LOST: January 2014 Snapshots

LOST: January 2014 Snapshots

In January 2014 a total of 14 demolition permits were applied for in Arlington County (see photos below). Eleven of them were for single family homes, one was for a commercial building, and the other two were demolition of detached garages. One of the houses, 2608 3rd Street North, is located in the Lyon Park Historic District. Several of the homes are located in neighborhoods that could qualify for historic designation under National Register criteria.

In review of the Arlington County tax records, eight of the eleven houses are owned by builders and are speculative redevelopments, and two are being redeveloped by individuals who bought the property within the last year. The one commercial building is being redeveloped as part of a major site redevelopment in the Rosslyn area.

The looming demolition of these houses and buildings represents an incredible loss of history, architecture, time, energy, and materials. Many had the potential for renovation and additions, or, at a bare minimum, reclamation/reuse of building materials. These buildings are often replaced with new construction that is out of scale and proportion to the community. Preservation Arlington urges citizens to adopt Local Historic District designations for their communities, with standards for design, height, and placement that could be customized to reflect community needs while still allowing reinvestment to occur.

Similarly, if you are a property owner and are contemplating a change to your property, Preservation Arlington encourages you to work with your architect or builder to consider how some or all of your house or building could be incorporated into a renovation, or the materials reused.





6 thoughts on “LOST: January 2014 Snapshots

  1. Your group is moronic. Just because something is old doesn’t make it special or worth keeping (i.e. The Blue Goose). All of the houses pictured above look like peices of crap. If an owner (be it an individual or builder) want to spend their money to buy, demolish and rebuild, who are you, I, or anyone else to tell them not to as long as they abide by the County’s zoning regulations.

      1. My house was built in the 1920’s and was 950 sf. Dug out basement that got wet often. Back porch pulling away from structure.
        Prime tear down.
        My block is a row of five craftsman-style homes all of similar scale and design. It’s really a nice little block.

        Instead of bulldozing my house, I stabilized the foundation, put on a second floor, and an addition on the back.

        My house went from smallest to largest on the block. Someone recently told me it fits in so nicely they don’t even remember the old house.

        Did it cost more? Probably a bit.
        Did I tear any trees down? No.
        Did I send several dump trucks of debris to the landfill? No.
        Is it perfect? No.
        Does it fit the scale and character of the street? Absolutely.

    1. Your comments are as simplistic (I almost said “moronic”) as you think preservationists’ are. The fact that something is new doesn’t make it automatically better or more attractive. Part of the question is whether one values the established character and scale of our neighborhoods and the general compatibility and congeniality of homes along a block or street. If that isn’t important to you, you’re more likely to scoff at concerns about tearing down older, more modest but still very serviceable homes and replacing them with new structures that max out the zoning envelopes. (Just please don’t call the new monsters “craftsman” because one hallmark of that style is restraint.)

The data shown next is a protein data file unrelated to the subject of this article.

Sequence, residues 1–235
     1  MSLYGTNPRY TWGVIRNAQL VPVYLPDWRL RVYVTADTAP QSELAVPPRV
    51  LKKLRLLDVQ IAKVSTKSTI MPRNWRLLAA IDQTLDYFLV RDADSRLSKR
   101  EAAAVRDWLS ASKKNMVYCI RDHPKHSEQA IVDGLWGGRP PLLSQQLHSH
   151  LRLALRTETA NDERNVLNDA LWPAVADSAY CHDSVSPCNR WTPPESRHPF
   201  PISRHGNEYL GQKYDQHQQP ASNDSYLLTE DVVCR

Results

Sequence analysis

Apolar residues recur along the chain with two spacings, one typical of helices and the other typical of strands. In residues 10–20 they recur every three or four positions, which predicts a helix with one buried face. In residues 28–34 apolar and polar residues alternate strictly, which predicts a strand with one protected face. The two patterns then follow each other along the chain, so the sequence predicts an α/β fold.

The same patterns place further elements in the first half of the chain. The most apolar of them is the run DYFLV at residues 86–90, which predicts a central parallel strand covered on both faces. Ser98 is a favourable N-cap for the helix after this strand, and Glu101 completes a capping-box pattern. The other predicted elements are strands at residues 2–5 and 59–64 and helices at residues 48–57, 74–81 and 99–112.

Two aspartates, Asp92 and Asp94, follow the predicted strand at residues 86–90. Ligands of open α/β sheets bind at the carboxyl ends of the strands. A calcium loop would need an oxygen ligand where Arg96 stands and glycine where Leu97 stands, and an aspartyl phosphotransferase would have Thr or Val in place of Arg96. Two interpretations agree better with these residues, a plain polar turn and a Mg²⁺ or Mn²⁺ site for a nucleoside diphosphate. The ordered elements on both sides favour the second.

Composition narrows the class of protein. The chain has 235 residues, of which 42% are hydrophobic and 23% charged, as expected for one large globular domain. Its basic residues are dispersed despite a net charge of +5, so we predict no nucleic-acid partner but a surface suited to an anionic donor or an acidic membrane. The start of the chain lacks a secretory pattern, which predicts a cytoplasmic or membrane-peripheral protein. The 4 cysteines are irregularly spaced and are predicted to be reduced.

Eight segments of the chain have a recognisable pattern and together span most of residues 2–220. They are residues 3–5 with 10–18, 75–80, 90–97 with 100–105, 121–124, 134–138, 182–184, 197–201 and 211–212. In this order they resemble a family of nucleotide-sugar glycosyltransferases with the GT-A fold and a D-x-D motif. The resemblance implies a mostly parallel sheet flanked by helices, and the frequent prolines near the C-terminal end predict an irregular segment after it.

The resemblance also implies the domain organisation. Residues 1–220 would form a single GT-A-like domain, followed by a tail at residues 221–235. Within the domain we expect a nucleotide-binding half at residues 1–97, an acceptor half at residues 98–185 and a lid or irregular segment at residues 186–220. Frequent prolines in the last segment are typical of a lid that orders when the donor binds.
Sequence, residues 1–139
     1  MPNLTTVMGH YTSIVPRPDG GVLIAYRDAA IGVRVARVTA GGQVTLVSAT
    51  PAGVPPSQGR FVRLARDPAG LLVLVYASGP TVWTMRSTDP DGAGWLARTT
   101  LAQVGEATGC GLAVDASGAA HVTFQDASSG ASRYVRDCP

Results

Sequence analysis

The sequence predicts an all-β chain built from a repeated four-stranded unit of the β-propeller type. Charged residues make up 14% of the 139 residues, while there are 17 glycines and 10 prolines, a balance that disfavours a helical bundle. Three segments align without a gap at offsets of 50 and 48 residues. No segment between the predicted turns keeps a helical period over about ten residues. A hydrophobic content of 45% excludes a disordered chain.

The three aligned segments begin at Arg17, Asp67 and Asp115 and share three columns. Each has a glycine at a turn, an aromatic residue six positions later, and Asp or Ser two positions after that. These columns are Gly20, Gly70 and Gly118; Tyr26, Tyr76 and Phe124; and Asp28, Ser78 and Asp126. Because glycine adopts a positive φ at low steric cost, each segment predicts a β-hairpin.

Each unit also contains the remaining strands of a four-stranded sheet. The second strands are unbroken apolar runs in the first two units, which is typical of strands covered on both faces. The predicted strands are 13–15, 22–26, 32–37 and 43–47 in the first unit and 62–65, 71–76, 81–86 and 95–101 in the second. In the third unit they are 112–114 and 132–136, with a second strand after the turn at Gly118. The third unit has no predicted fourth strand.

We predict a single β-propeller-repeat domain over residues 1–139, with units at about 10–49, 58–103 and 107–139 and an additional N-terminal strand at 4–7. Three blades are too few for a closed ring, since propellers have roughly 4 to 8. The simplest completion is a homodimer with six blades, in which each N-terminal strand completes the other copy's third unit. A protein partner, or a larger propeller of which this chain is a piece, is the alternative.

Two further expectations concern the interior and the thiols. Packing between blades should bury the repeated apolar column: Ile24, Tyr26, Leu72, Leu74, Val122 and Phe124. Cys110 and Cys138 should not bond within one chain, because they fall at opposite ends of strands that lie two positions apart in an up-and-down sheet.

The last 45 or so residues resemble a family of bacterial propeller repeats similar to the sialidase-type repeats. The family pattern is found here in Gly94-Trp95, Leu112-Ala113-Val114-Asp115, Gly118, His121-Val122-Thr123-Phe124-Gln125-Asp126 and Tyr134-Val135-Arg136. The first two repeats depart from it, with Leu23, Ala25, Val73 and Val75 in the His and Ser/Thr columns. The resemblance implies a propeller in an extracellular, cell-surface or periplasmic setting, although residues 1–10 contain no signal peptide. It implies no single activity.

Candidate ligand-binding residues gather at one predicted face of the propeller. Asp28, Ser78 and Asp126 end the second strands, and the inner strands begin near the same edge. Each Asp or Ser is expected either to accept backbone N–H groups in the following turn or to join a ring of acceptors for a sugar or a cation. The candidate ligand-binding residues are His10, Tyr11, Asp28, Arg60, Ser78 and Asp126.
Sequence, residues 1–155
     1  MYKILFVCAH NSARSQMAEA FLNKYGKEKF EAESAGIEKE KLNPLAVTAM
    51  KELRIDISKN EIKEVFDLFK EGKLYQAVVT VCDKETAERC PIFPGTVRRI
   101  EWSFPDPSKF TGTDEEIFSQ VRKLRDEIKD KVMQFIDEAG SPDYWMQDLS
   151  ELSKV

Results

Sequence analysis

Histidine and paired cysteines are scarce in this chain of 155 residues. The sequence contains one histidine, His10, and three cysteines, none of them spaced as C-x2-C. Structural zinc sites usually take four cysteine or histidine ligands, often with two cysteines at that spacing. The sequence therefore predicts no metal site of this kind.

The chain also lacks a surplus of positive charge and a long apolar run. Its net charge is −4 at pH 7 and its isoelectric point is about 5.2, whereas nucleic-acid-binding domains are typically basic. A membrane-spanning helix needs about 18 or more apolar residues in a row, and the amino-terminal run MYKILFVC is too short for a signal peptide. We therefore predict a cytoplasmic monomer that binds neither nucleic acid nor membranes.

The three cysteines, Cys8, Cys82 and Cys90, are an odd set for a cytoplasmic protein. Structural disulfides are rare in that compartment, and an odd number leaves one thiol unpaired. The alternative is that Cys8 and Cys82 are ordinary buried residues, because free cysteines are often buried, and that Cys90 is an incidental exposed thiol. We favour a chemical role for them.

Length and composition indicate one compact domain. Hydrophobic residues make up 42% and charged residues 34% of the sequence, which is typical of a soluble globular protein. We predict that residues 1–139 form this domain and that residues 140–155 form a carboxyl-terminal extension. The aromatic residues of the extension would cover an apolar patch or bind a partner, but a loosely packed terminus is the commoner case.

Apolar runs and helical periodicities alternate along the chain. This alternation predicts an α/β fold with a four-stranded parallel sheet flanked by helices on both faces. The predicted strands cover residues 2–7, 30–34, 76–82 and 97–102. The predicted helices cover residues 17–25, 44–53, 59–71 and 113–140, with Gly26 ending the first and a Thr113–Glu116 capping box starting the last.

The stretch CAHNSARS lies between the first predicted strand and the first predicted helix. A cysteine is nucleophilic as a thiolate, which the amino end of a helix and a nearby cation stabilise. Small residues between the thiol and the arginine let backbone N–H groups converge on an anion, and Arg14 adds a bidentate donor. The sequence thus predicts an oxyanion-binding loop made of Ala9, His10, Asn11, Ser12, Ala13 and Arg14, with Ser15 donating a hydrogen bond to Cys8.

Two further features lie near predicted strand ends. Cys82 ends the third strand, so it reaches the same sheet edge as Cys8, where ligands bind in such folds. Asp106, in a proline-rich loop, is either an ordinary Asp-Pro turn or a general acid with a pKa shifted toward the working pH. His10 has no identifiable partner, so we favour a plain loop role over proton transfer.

2. Although “all of the houses pictured above look like peices of crap”, you can be sure that the townhouses and McMansions that will replace them will look much worse.

    The mature trees and open space will be gone. The new buildings will be higher, obstructing distant views from the neighborhoods. The new and larger buildings will use more energy and other resources and will create more traffic than will the older smaller buildings.

    There are good reasons to resist development, regardless of whether your might like to preserve old buildings. Development inevitably degrades the natural environment, whether you like it or not.

    Creation of local historic districts to protect neighborhoods from overdevelopment is not easy. Many neighborhood residents do not want legal restrictions placed on their properties that will limit their actions. While they may be able to obtain preservation tax credits to help preserve their neighborhoods, some property owners consider these benefits to be worth less than the losing the opportunity to profitably sell their properties to rapacious developers.

    Arlington has only a few neighborhood historic districts. If many people have attitudes like those that others have expressed above, the Count will never have anything similar to old town Alexandria and Georgetown, whose property values escalate because they are historic.

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